Antigone of Syria in Beirut

Early last summer Antigone’s journey through the camps of the Syria diaspora in Beirut began. Oedipus’s daughter, grief-stricken at the death of her two brothers after they clashed with one another in battle, pays with her life for insisting on burying one of the pair, whom King Creon has ordered be left in the open air as a punishment for his rebellion. This is Sophocles’ Antigone, the ban princess, one of the great figures of Greek tragedy. But who is Antigone today? How is Sophocles’ tragedy a starting point for addressing the tragedy in Syria through the voices of the Syrian women of the diaspora?

By Mohammed Al Attar

Antigone of Syria - Press Coverage

“A rewriting of history, which is only ever told from the point of view of men.”

 (Mohamad Al Attar)

"We were not born just to listen, just to obey, just to receive orders. We should be able to stand up for something in our lives." (Mona, actress)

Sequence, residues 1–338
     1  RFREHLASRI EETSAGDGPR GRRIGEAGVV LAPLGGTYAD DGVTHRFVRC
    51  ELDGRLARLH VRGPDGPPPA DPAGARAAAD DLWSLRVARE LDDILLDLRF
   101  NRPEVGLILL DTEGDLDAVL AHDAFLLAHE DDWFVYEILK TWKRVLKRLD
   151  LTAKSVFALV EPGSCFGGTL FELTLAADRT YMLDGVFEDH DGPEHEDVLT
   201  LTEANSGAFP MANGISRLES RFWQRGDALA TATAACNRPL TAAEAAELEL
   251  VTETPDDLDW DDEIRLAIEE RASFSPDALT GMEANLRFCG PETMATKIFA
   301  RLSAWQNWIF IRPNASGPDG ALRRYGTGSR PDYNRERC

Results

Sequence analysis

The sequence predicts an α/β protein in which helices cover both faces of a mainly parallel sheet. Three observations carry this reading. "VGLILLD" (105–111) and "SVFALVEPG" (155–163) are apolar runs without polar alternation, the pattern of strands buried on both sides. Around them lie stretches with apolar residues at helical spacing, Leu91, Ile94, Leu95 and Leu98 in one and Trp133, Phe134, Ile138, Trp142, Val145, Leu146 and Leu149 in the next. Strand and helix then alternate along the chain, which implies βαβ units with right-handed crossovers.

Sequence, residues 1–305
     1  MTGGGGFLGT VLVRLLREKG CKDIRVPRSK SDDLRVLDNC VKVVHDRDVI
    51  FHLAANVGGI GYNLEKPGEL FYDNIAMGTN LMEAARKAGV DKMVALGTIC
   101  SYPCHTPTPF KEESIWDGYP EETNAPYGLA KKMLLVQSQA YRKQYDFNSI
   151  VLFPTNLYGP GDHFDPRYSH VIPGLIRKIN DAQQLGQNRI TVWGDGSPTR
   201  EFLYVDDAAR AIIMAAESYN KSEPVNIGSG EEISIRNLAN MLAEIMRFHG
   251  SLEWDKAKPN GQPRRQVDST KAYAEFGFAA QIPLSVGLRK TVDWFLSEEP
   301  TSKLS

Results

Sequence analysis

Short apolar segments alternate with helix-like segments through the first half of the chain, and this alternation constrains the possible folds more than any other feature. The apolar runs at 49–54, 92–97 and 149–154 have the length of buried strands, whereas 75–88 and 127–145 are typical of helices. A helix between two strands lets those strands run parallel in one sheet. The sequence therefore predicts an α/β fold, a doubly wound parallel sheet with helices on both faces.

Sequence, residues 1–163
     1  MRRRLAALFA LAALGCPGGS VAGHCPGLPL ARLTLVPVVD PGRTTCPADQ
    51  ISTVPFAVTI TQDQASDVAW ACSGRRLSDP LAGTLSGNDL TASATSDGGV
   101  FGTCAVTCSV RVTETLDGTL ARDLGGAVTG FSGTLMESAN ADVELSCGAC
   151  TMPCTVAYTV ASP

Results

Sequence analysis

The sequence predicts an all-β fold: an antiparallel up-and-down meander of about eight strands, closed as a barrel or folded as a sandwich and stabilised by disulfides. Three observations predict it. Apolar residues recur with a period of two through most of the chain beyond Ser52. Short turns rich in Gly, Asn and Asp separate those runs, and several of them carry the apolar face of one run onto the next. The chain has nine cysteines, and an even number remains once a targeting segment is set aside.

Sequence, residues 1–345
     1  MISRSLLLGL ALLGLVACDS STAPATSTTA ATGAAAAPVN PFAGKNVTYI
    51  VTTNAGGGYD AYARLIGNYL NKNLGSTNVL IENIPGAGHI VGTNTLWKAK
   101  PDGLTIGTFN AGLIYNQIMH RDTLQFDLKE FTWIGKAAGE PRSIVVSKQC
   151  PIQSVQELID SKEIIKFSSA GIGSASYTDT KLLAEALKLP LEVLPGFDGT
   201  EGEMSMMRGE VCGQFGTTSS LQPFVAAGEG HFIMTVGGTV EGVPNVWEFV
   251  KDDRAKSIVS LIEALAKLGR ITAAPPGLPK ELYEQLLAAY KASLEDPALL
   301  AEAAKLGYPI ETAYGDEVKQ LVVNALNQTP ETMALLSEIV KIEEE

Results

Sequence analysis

By only participating in the theatre workshop Antigone of Syria, Mona – and, together with her, twenty-four other refugee women from Syria – have already proven that they are very much able to stand up.

Read the reports on the emancipative power of art, on theatre as a form of political rebellion, and heartbreaking stories of loss and courage in our press review on Antigone of Syria

Redefining “Sexual Intercourse Contrary to Nature”

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Quotas matter for full equal political and economic participation

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By Barbara Unmüßig